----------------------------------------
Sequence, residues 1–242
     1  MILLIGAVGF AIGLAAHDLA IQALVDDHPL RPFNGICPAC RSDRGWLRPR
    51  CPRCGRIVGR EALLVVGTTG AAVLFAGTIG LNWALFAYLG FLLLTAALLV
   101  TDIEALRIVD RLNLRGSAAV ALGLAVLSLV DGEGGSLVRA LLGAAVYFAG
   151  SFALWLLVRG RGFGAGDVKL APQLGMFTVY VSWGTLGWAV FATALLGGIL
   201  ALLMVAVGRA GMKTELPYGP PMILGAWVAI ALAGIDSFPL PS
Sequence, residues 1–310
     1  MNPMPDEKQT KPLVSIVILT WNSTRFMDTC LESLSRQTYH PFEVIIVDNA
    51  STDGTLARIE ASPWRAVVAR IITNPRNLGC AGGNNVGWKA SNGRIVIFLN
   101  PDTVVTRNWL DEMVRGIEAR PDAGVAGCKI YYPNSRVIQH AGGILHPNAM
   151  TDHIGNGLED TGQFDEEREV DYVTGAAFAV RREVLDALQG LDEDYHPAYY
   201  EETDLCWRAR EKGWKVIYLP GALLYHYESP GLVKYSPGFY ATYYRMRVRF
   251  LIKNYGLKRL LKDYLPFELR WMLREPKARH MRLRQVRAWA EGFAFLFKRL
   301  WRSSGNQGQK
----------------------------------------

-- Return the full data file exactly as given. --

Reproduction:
Sequence, residues 1–242
     1  MILLIGAVGF AIGLAAHDLA IQALVDDHPL RPFNGICPAC RSDRGWLRPR
    51  CPRCGRIVGR EALLVVGTTG AAVLFAGTIG LNWALFAYLG FLLLTAALLV
   101  TDIEALRIVD RLNLRGSAAV ALGLAVLSLV DGEGGSLVRA LLGAAVYFAG
   151  SFALWLLVRG RGFGAGDVKL APQLGMFTVY VSWGTLGWAV FATALLGGIL
   201  ALLMVAVGRA GMKTELPYGP PMILGAWVAI ALAGIDSFPL PS
Sequence, residues 1–310
     1  MNPMPDEKQT KPLVSIVILT WNSTRFMDTC LESLSRQTYH PFEVIIVDNA
    51  STDGTLARIE ASPWRAVVAR IITNPRNLGC AGGNNVGWKA SNGRIVIFLN
   101  PDTVVTRNWL DEMVRGIEAR PDAGVAGCKI YYPNSRVIQH AGGILHPNAM
   151  TDHIGNGLED TGQFDEEREV DYVTGAAFAV RREVLDALQG LDEDYHPAYY
   201  EETDLCWRAR EKGWKVIYLP GALLYHYESP GLVKYSPGFY ATYYRMRVRF
   251  LIKNYGLKRL LKDYLPFELR WMLREPKARH MRLRQVRAWA EGFAFLFKRL
   301  WRSSGNQGQK